By Dave Barton
By LP Hastings
By Sarah Bennett
By LP Hastings
By Jena Ardell
By Steve Lowery
By R. Scott Moxley
By Joel Beers
Though intoxicated by its own relentless slapstick buffoonery and silly topical allusions to everything from presidential candidates to the made-for-TV miniscandal Who Wants to Marry a Multi-Millionaire?, director Kent Johnson's rendition of Gilbert and Sullivan's famous comic opera works—mostly.
English playwright William Gilbert and composer Arthur Sullivan are renowned for their 14 comic operas, including H.M.S. Pinafore (1878) and The Pirates of Penzance (1879), which rank among the most popular works ever written in this genre. Although the stage at the Chance Theater is small for a musical cast of 19, Johnson nonetheless captures the essence of this lively satire of romance and politics.
Set in feudal Japan, The Mikado is about the efforts of Nanki-Poo (Bradley Miller) to marry his true love, Yum-Yum (Jill DeFritas), who is already promised to Ko-Ko, the Lord High Executioner (Scott Ratner). To accomplish this feat, Nanki-Poo cuts a deal with Ko-Ko, who needs to meet his executions quota: Nanki-Poo agrees to be executed after one month of marriage to Yum-Yum.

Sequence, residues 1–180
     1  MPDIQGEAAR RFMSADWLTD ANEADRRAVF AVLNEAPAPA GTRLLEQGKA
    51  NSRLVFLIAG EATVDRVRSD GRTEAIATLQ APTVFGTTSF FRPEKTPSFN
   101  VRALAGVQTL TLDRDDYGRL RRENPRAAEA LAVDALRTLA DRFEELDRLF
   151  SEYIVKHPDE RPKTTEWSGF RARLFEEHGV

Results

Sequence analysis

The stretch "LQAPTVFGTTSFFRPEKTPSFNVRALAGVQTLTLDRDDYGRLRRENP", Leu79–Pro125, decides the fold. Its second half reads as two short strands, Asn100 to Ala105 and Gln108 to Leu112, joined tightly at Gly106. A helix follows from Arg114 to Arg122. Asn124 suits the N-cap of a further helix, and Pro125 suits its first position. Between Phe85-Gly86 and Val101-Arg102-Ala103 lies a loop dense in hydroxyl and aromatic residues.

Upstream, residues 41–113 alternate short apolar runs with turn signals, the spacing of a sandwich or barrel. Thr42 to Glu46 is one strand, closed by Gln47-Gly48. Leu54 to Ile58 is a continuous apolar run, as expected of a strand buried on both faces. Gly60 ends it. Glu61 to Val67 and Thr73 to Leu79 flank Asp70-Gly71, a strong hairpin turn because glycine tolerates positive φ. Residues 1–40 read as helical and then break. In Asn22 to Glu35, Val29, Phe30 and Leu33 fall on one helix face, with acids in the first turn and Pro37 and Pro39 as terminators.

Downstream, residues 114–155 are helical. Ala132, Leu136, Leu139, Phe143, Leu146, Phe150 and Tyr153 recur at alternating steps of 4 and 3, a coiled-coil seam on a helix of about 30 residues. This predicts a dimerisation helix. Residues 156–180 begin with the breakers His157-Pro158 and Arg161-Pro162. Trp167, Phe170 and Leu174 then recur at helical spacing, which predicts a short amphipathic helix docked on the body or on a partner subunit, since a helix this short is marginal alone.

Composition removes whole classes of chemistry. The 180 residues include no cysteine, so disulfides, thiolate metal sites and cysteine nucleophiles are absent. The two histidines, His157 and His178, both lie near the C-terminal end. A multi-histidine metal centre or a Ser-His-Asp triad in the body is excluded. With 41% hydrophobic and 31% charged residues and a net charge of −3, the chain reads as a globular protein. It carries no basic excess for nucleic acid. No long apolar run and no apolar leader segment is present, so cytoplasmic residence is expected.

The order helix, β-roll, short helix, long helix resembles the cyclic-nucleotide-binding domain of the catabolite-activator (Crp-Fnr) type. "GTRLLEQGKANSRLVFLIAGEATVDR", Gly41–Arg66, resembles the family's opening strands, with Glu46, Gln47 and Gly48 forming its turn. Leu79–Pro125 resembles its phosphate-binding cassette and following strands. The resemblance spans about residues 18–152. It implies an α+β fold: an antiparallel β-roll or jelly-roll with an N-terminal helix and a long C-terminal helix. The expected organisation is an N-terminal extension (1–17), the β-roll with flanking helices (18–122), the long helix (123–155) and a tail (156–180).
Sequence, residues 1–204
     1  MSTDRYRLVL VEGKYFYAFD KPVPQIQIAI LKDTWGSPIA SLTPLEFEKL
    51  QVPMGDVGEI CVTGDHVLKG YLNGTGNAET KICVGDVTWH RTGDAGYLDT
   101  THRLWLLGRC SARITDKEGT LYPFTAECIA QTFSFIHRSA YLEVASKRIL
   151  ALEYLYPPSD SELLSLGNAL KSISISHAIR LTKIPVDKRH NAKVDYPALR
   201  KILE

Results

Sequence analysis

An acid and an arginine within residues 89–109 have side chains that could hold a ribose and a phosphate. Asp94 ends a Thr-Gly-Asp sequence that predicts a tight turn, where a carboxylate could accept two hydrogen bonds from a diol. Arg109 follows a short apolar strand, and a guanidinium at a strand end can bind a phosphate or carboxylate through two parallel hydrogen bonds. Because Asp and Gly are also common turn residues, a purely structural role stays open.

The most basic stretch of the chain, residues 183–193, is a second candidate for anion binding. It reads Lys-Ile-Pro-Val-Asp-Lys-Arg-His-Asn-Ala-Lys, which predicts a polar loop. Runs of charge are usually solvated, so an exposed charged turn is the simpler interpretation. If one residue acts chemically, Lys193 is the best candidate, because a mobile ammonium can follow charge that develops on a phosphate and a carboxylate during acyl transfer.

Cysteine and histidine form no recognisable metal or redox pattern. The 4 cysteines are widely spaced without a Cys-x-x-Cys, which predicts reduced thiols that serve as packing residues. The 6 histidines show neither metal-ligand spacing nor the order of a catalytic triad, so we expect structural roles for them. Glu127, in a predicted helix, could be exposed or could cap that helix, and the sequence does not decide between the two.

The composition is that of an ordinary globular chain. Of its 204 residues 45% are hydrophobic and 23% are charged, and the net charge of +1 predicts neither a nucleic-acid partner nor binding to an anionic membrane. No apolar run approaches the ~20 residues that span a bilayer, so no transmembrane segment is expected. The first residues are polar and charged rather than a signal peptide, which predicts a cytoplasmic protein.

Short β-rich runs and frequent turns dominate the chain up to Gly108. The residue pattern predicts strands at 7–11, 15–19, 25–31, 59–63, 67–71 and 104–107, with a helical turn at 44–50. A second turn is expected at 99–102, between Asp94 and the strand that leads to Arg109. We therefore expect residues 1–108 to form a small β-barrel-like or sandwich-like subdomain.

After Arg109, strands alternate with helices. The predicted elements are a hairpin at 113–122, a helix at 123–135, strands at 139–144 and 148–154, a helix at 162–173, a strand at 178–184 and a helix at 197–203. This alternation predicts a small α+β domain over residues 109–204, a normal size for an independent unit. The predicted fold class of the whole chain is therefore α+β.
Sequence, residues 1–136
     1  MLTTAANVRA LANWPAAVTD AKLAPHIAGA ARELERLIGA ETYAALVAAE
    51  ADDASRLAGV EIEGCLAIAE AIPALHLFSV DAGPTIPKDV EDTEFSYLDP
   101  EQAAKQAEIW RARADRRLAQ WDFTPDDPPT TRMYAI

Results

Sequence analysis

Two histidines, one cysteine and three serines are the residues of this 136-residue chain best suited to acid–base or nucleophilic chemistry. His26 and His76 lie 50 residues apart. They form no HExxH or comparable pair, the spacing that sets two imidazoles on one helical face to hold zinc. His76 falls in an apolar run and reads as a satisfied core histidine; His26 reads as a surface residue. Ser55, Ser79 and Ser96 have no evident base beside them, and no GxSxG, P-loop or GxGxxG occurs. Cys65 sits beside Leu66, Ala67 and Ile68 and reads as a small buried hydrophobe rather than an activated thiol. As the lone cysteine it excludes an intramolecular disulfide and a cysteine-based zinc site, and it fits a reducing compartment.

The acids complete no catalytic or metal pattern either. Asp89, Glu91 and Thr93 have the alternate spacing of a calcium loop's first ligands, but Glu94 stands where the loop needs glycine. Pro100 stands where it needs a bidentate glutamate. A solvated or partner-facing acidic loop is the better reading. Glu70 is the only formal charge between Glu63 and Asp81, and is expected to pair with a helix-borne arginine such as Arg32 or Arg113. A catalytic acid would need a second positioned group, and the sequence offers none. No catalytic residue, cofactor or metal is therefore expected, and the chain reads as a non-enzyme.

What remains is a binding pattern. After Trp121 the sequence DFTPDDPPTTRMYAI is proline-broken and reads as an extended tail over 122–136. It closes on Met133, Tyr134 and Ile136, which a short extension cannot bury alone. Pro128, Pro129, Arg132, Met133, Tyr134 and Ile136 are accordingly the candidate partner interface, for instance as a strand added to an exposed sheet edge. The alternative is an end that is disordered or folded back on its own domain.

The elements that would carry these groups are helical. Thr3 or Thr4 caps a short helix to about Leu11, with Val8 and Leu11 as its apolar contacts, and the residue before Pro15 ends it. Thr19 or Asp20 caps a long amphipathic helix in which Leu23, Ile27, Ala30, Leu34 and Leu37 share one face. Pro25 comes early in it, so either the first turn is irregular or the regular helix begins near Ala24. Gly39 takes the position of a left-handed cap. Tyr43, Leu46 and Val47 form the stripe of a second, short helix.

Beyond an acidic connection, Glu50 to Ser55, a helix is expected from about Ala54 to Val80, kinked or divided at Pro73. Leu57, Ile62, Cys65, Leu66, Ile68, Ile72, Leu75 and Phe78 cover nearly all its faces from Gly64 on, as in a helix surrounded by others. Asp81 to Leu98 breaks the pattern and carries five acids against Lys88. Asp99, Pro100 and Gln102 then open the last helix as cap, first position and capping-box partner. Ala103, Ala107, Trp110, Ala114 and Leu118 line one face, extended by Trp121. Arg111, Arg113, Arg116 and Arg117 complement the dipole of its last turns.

This presents a problem when Katisha (Freda Nelson Evans) arrives, looking for Nanki-Poo, whom she is supposed to marry according to the emperor's edict. As the plot unfolds, The Mikado exposes government corruption while it questions the motivations behind marriage.
The satire is realized, but the point of the story is lost amid overused sight gags and the characters' feeble efforts to interact with the audience. Johnson should have trusted his material: let singers sing, skip the wan efforts to engage the audience (through such devices as a mock cast photo with the audience), and let Gilbert and Sullivan entertain another generation of theatergoers.
The Mikado at the Chance Theater, 5576 E. La Palma Ave., Anaheim Hills, (714) 777-3033. Fri.-Sat., 8 p.m.; Sun., 2 p.m. Through April 2. $10-$15.